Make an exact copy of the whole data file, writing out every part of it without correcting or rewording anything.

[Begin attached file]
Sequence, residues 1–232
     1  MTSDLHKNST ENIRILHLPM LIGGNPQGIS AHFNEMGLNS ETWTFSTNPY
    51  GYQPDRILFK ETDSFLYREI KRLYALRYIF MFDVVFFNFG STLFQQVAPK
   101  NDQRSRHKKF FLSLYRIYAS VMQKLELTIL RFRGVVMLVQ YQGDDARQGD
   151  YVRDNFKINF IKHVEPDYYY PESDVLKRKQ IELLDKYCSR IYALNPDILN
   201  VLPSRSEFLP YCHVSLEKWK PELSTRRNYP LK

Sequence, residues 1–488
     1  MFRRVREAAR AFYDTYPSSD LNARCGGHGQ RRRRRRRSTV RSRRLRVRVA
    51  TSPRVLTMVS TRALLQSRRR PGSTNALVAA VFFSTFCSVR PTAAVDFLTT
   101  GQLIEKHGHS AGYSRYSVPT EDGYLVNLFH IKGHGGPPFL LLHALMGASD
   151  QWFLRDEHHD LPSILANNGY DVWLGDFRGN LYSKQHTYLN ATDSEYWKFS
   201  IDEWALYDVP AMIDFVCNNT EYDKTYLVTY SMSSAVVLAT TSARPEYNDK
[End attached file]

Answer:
Sequence, residues 1–232
     1  MTSDLHKNST ENIRILHLPM LIGGNPQGIS AHFNEMGLNS ETWTFSTNPY
    51  GYQPDRILFK ETDSFLYREI KRLYALRYIF MFDVVFFNFG STLFQQVAPK
   101  NDQRSRHKKF FLSLYRIYAS VMQKLELTIL RFRGVVMLVQ YQGDDARQGD
   151  YVRDNFKINF IKHVEPDYYY PESDVLKRKQ IELLDKYCSR IYALNPDILN
   201  VLPSRSEFLP YCHVSLEKWK PELSTRRNYP LK

Sequence, residues 1–488
     1  MFRRVREAAR AFYDTYPSSD LNARCGGHGQ RRRRRRRSTV RSRRLRVRVA
    51  TSPRVLTMVS TRALLQSRRR PGSTNALVAA VFFSTFCSVR PTAAVDFLTT
   101  GQLIEKHGHS AGYSRYSVPT EDGYLVNLFH IKGHGGPPFL LLHALMGASD
   151  QWFLRDEHHD LPSILANNGY DVWLGDFRGN LYSKQHTYLN ATDSEYWKFS
   201  IDEWALYDVP AMIDFVCNNT EYDKTYLVTY SMSSAVVLAT TSARPEYNDK